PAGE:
SHOULD THE UK TRY A NEGATIVE INTEREST RATE?
Back in the mists of time, there was a Bank of England Governor who maintained a firm stance against taking interest rates below zero. “As things stand, I do not regard negative official interest rates as a plausible tool,” he said. That distant era was March, the Governor was Andrew Bailey, and the world has changed since.
Now the Bank is reviewing its “effective lower bound” (ELB), the point below which rates cannot usefully fall, and we could get an update tomorrow. That ELB stands at just 0.1pc, so any change could open the door to negative rates.
Proponents say negative rates could help to get the economy back on its feet. But do they work?
Five major central banks have gone sub-zero so far, and the evidence indicates very mixed results.
Japan took short-term rates to minus 0.1pc in 2016 and seeks to keep long-term market rates down too.
The idea is to promote borrowing, spending and investment. It has certainly boosted asset prices. In the real economy inflation remains well short of the 2pc target, though it is no longer near deflation. Growth has not accelerated since the policy began.
“Japan has run fiscal deficits for decades now, all funded at low or recently negative interest rates,” say analysts at Citi. “Rather than escaping from secular stagnation, they seem more mired in it than ever.”
The European Central Bank took its deposit rate negative in 2014, initially to minus 0.1pc and now to minus 0.5pc. The ECB says it lifted the supply of credit. Along with QE it has helped indebted states stay on top of finances.
But its experience also shows the difficulties of using negative rates, which hit banks’ margins, potentially impeding lending instead of raising it. As a result the ECB “tiers” the negative rate, only applying to a portion of banks’ deposits. Yet this erodes a main incentive to lend more. When Sweden’s Riksbank took its deposit rate negative in 2014, it expected inflation to return to target in one year. Instead it took almost five to get close and the rate was returned to zero last December.
It feared the perception of permanently negative rates would lead to negative rates on savings.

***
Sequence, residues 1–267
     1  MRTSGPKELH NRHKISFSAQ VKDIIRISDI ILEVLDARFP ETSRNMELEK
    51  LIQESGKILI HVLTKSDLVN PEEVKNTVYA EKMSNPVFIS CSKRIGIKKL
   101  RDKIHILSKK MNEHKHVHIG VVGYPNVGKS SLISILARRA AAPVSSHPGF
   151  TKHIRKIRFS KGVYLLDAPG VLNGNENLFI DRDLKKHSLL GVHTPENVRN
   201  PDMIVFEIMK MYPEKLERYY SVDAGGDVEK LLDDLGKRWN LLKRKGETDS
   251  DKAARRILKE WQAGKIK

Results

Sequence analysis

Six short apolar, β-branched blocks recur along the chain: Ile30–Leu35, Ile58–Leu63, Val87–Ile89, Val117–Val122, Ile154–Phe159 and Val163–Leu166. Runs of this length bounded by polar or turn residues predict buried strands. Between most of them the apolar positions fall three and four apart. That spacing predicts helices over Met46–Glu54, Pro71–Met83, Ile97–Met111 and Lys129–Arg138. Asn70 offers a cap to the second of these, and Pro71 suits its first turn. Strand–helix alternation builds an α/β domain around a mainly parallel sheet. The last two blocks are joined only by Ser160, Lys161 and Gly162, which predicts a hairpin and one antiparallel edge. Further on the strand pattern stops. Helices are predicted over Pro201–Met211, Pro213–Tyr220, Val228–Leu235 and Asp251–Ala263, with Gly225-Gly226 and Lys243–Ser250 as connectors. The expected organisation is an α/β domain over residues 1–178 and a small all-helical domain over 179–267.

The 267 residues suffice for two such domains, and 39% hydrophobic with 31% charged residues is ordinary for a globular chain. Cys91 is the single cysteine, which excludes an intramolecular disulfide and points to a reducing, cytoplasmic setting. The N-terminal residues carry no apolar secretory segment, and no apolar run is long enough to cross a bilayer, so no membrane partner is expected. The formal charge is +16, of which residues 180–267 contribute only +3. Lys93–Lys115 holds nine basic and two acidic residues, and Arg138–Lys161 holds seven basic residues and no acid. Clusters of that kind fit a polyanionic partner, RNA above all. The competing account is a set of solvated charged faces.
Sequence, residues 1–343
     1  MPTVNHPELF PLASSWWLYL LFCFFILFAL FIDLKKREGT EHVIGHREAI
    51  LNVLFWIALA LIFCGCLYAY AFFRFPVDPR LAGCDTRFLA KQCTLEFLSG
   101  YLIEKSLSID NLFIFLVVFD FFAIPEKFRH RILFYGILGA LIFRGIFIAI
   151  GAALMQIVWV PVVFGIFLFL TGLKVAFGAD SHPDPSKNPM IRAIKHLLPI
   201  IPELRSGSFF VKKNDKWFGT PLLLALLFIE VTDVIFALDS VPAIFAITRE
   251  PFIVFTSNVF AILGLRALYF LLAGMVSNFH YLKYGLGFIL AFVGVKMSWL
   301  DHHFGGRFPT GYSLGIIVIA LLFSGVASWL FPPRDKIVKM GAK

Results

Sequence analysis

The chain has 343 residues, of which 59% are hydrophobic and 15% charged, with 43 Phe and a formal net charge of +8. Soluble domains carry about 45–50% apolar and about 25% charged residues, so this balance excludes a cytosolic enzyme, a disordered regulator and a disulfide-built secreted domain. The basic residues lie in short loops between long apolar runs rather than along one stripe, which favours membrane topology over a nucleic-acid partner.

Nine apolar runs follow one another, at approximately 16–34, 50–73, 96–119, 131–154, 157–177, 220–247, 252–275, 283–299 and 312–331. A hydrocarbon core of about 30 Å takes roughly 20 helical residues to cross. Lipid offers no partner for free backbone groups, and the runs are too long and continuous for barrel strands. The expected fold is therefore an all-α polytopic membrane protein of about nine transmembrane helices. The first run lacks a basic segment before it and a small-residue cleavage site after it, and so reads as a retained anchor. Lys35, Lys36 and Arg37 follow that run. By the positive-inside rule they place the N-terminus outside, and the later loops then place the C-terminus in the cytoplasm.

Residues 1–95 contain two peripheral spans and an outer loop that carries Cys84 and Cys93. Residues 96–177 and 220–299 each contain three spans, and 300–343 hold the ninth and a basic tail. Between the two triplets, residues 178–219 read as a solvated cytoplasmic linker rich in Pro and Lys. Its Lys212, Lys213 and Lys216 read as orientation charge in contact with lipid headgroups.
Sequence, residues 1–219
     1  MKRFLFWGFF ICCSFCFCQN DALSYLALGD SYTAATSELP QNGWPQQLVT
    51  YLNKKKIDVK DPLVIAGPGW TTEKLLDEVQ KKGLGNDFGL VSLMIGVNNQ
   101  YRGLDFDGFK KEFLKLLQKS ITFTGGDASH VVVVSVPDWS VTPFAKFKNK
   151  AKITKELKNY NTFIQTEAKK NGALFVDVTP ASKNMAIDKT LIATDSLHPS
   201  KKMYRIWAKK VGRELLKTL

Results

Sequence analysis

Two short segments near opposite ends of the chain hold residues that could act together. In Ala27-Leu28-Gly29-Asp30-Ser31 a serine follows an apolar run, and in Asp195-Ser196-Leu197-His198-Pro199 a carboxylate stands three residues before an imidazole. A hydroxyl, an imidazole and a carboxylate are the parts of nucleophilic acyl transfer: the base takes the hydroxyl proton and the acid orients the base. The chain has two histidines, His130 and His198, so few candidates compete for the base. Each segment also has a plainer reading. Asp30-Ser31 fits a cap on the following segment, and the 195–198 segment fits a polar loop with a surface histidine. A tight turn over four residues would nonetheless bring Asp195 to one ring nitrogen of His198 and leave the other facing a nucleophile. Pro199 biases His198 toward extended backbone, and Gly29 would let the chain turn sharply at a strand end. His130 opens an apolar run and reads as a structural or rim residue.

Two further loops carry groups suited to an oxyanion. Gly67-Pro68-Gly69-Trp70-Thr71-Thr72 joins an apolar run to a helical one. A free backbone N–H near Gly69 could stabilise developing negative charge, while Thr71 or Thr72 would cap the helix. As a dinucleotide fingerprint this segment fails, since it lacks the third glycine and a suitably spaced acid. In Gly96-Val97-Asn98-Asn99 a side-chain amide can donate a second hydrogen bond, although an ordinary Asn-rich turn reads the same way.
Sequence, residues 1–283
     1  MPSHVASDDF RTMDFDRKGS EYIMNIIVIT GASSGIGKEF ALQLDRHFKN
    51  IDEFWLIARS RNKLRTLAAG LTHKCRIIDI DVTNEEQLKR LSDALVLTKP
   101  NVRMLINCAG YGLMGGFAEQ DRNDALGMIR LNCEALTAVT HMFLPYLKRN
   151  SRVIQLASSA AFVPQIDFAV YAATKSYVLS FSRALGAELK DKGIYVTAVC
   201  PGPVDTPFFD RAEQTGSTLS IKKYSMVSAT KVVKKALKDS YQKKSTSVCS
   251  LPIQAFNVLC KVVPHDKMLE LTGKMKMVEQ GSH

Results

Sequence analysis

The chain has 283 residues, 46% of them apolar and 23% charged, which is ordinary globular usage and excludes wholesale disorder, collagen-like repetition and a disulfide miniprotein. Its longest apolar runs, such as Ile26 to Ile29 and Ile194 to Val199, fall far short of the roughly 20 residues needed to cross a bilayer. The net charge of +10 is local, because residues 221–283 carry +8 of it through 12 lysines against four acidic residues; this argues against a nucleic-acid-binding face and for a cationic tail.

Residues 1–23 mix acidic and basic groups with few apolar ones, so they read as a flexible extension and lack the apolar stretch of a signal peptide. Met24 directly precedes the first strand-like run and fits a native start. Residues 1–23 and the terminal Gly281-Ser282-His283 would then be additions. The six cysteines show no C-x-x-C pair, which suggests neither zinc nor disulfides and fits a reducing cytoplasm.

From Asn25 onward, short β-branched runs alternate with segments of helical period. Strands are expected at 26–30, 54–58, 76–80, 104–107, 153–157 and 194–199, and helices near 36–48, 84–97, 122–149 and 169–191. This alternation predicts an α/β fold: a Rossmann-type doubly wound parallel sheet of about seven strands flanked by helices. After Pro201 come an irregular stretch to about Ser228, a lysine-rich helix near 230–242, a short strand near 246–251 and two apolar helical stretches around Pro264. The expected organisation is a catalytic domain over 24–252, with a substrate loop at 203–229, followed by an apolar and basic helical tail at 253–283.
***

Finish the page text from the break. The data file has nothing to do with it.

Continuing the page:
“The minus world has not had a full impact on households, as the deposit rates they meet have not passed zero,” said deputy governor Henry Ohlsson.
“This has, on the one hand, meant that the impact of monetary policy has been less than in the plus world.
“But on the other hand, it has probably also meant that households have not been as upset as they would otherwise have been.”
In Denmark, however, housebuyers can repay less on mortgages than they borrowed. Some savings accounts charge a sub-zero rate to those with more than about £85,000. Yet savings levels have not fallen, suggesting customers may hoard cash when central banks take radical steps.
With a rate of minus 0.75pc, passed on to depositors with big balances plus institutions’ deposits, odd things happened in Switzerland.
Customers have sought out safety deposit boxes instead of savings accounts, paying a fee to stash 1,000 franc (£825) notes in a locker instead of incurring negative rates.
It messes with cash flow plans, too. The canton of Zug used to offer a discount for early payment of taxes. In 2016 it cancelled the scheme and asked for payments to come in later instead to avoid incurring negative rate losses.
Former Bank of England policymaker Charles Goodhart warns that keeping rates low for the longterm risks building up debts, creating “zombie” firms, delivering lower economic growth through the poor allocation of credit, and weaker banks through the erosion of their profits.
Sven Jari Stehn, at Goldman Sachs, thinks the Bank will lower its ELB simply to have the option on the table – thus pinning down market rates.
That would let Bailey reinforce low rates without having to risk the consequences of going through the looking glass into sub-zero conditions.